(van Gunsteren WF, King PM, Kark AE. 1994. Quarterly Review of

Biophysics, 27: 435-481).


Commercial modelling programs like Insight or esp. Sybyl have modules

for performing QSAR, CoMFA or conformational searches. There are many

literature sources related to this. See for example: van Gunsteren WF,

King PM, Kark AE. 1994. Quarterly Review of Biophysics, 27: 435-481

From: "Prof. Curt M. Breneman" <breneman@XRAY.CHEM.RPI.EDU>

You have certainly touched upon an area of research which is under intense

scrutiny at the present time! I also believe as you do, that it should be

possible to use QSAR/QSPR descriptors of some type to generate good

complementary models of binding sites. Additionally, I agree that this kind

of work will greatly facilitate database searching projects and combinatorial\

library evaluation. As a result of this interest, I have been involved with

a fairly large team of researchers from academia, government and industry

which now goes by the name of the "Eastman Kodak Scientific Computing Team"

in honor of our major sponsor. This group of 30 diverse scientists from

all over the country have been working on this problem for about eight years

now, and we're getting close to a satisfactory solution. The key to the

problem has been to bring together mathematicians and statisticians who can

help to generate and evaluate new statistical and heuristic methods for

qualifying dataset models, and the incorporation of new electron-density

based molecular descriptors which work in concert with some of the older

"traditional" 2D and 3D topological indices. The new electronic indices were

a product of our new Transferable Atom Equivalent electron density reconstruction

code, which enables users to generate molecular electron densities and associated

properties with approximately ab initio quality (it is calibrated against the

HF/6-31+G* theoretical model). These electronic properties are then used to

generate a set of novel descriptors (see the November 1996 issue of J. Comp.

Chem. for details when it comes out).

The whole problem seems to have been to large and long-term for any one

company to commit labor and resources, so it took a combination of interested

parties to get things going. We now believe that we are quite close to

our goal of being able to generate active molecules in a de nouvo design

mode based upon a set of relatively noisy data. We will also be in a position

to qualify our predictions and place error limits on them with a good degree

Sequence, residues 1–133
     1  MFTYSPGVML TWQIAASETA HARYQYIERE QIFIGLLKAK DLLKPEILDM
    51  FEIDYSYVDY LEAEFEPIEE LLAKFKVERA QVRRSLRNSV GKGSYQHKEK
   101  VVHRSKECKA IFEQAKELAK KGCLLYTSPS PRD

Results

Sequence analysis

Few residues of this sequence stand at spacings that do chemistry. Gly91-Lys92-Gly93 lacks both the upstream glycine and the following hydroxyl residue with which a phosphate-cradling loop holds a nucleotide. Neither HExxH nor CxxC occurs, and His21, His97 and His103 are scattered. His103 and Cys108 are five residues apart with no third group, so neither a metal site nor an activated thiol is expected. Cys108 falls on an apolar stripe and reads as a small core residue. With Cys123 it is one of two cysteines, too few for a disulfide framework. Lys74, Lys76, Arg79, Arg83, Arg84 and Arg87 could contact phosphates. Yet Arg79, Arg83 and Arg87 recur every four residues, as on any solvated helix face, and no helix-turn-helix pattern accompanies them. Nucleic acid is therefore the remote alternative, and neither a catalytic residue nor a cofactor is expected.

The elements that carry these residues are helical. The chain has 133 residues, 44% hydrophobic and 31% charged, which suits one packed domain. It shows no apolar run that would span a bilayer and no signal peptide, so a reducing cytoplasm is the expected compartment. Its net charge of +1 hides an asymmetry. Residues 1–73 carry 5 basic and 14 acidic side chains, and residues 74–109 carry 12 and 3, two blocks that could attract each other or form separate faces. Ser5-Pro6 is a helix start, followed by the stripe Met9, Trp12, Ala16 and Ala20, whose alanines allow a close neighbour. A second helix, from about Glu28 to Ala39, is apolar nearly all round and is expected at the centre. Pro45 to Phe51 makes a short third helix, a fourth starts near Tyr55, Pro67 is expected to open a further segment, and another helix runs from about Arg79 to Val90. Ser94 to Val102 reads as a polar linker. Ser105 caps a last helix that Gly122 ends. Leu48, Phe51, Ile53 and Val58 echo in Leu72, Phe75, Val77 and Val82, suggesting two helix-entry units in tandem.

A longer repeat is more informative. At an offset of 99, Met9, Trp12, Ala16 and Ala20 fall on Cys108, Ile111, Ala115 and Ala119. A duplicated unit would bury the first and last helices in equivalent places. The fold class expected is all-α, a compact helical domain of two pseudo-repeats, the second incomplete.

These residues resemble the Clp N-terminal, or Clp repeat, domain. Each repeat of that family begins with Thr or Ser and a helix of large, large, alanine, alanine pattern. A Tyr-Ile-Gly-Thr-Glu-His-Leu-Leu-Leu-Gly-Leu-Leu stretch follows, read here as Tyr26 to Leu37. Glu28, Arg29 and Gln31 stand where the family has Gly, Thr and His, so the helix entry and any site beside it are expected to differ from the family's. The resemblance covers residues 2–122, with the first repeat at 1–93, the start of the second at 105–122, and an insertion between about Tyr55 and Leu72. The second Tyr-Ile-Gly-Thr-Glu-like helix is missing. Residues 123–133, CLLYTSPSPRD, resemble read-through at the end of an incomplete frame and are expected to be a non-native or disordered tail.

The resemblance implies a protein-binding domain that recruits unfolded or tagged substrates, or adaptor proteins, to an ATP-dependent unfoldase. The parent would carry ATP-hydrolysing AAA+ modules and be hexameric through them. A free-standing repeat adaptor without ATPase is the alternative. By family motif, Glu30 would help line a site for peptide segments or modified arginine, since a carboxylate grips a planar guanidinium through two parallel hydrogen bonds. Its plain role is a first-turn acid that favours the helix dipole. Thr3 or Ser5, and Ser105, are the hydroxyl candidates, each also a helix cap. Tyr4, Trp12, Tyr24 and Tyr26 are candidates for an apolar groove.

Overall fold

of certainty. Stay tuned for more.....publication limitations have prevented

much of this information from appearing in the journals until recently.

From: "Amanda Harwood :)" <AirPunky@AOL.COM>

in response to your molecular modeling question, have you tried MacroModel???

From: "Dimitris Agrafiotis" <dimitris@3DP.COM>

A semantic remark. A 'topological' index is a property of the molecular

graph, not the conformation. 'Topography' is what you are interested in.

Which indices did you have in mind?

As for property prediction software, any pattern recognition or regression

software will do the job. ADAPT from Peter Jurs' group is tailored for

chemical applications, but I am not sure it can deal with the problem you

described above.

You may contact Prof. Peter C. Jurs at PCJ@PSUVM.PSU.EDU. He's the

author (actually, the author's advisor) of ADAPT. Hope that helps.

... it's clear that knowing the graph

you know everything because, in theory, every molecular property can be

computed from it. The issue is one of encoding. The 3D conformation of

a molecule is a property that can be derived from the graph, but it's

a far more powerful encoding of it for certain applications. This is

one of the most difficult problems in pattern recognition; to enhance

the signal-to-noise ratio and information content of the data

representation. If your signal is diluted, the decision boundaries

become fuzzy, and your classifier's performance is severely compromised.

From: "Hugo Kubinyi" <>

[Summary of the German message:]

Although they model similarity to some extent, topological indices

are not unique. Sometimes changes in the chain length doesn't affect the

biological effects at all, sometimes enormously.

It is even worse that electronical and sterical properties can

be represented only incompletely. Many tricks have been tried, but most